Making Modalities Play Nicely Together
Multimodal applications have incredible potential to enrich the interaction between users and applications. But multimodal capabilities, like speech recognition, gesture recognition, and biometrics, are themselves highly complex, and few companies have the resources to create independent versions of each technology they want to use in an application. Simply mastering separate APIs for multiple third-party components can be problematic.
Standards for integrating technologies from different vendors would make it easier for third-party technology experts to supply components to integrate into multimodal systems. The Multimodal Architecture and Interfaces specification (MMI architecture) is one such standard. The architecture enables various vendors’ technologies to work together to create innovative applications, opening the door for smaller players.
At its essence, the MMI architecture defines a set of cooperating components for processing modalities (modality components), coordinated by a central interaction manager and communicating through a standard set of life cycle events.
By standardizing interfaces between modality components and the interaction manager, the MMI architecture lets vendors offer pluggable components that can fit into other companies’ multimodal applications and provide specific functionality, such as speech or handwriting recognition. But, because this involves a high-level architecture, designers need more specifics to create pluggable components. To make it easier to design interoperable components, the W3C Multimodal Interaction Working Group recently published a companion document to the MMI architecture, called “Best Practices for Creating MMI Modality Components.” Included are eight important guidelines, three design suggestions, and three examples of components.
The eight guidelines should be included in the specification of a component so that third parties can use it in MMI architecture-based systems. Think of the guidelines as a “spec for a spec” for modality components.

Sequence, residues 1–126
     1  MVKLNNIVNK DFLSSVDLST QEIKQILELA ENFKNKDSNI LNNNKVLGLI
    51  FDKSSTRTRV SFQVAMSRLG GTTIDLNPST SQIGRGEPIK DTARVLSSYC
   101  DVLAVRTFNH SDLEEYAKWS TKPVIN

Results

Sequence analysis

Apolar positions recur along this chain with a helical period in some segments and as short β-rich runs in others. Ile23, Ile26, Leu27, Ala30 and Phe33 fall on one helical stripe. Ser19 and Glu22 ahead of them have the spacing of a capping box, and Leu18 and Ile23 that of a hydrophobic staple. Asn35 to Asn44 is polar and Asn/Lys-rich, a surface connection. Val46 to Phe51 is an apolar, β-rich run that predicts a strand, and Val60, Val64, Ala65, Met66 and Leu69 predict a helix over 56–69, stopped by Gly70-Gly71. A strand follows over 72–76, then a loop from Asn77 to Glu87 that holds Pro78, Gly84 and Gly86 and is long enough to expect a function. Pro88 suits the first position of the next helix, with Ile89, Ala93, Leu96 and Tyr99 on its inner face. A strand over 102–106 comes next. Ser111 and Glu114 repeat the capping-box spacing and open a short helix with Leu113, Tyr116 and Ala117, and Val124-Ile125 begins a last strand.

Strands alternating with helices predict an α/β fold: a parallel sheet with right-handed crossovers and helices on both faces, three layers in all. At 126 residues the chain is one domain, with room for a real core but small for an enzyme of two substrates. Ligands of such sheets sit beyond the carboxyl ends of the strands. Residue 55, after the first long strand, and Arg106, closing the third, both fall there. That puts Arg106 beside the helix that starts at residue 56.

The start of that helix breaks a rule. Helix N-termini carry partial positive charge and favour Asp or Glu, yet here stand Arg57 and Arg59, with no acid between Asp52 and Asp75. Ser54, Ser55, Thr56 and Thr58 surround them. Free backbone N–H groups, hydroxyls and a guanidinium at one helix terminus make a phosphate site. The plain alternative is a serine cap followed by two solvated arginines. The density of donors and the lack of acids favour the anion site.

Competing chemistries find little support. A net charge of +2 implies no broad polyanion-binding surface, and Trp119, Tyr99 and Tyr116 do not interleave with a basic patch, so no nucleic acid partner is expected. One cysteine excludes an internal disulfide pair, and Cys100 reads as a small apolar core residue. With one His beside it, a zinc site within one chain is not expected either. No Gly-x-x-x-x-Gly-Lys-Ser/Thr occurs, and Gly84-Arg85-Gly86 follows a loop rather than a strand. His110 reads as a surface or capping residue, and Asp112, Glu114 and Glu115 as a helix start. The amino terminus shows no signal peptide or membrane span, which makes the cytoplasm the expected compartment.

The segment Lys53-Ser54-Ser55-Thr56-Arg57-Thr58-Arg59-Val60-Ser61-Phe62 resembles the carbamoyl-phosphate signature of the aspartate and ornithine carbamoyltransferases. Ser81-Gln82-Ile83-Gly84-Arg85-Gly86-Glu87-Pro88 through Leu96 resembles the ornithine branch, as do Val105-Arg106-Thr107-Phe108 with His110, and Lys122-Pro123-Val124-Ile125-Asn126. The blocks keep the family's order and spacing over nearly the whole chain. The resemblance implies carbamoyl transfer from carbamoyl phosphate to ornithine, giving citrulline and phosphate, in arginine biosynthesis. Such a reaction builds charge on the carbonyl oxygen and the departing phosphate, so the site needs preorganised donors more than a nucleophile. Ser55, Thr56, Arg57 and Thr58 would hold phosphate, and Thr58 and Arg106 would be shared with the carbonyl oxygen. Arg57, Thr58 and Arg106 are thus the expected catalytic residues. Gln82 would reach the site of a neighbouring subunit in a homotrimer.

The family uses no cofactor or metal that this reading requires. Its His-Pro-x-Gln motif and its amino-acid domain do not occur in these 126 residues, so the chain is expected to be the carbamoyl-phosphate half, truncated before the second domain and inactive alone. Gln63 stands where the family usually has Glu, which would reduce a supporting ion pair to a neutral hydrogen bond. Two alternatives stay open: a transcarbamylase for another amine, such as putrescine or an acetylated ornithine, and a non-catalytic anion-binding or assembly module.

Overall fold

The first, and most important, guideline is that a modality component must implement all of the life cycle events. That is, it must accept commands to start, stop, report its status, pause, and resume, as well as the other life cycle events defined in the MMI architecture. In addition, any events specific to the component must be defined.
Supported natural languages, audio formats for speech recognition, communication protocols such as HTTP, scripting languages, and error codes also are important to define. With that information, someone who’s building an application and considering using another vendor’s component can know whether it would be suitable.
The three design suggestions are also helpful for designers of interoperable components. They involve the internal architecture of components. As discussed in the MMI architecture spec, components can be simple, complex, or nested.
Simple components are internally black boxes, but in some cases it may be useful to create components with internal structure. A complex component combines two or more distinct functions that are bundled for convenience or efficiency. An example would be an avatar that needs to communicate closely with a TTS to synchronize lip movements to the synthesized speech. The third type of components, nested, may include an internal interaction manager. The best practices document gives suggestions for deciding which architecture—simple, nested, or complex—is appropriate.
Finally, the best practices document has three examples of definitions of modality components that follow the guidelines. The definitions describe APIs based on the MMI architecture for each component. Sample components include face recognition, handwriting recognition, and video display.
The video display component explains such details as the fact that it is designed to use the H.264 codec, employs HTTP for transmitting media, and defines error messages such as “codec not supported” if it is asked to start displaying a video file that uses an unsupported codec. Similarly, the face-recognition example defines error messages such as “known users not found” if the database of previously enrolled faces is not found. The handwriting component example includes information such as the fact that the handwriting recognition is based on InkML input and that it uses EMMA for representing the recognition results. Those three examples also include specific XML examples of life cycle events used with each example modality.
The MMI working group is interested in hearing your feedback; post your ideas to the the public mailing list, at firstname.lastname@example.org.
You can find the MMI architecture spec at http://www.w3.org/TR/mmi-arch/ and the best practices spec at http://www.w3.org/TR/mmi-mcbp/.
Deborah Dahl, Ph.D., is principal at speech and language consulting firm Conversational Technologies and chair of the World Wide Web Consortium’s Multimodal Interaction Working Group. She can be reached at email@example.com.
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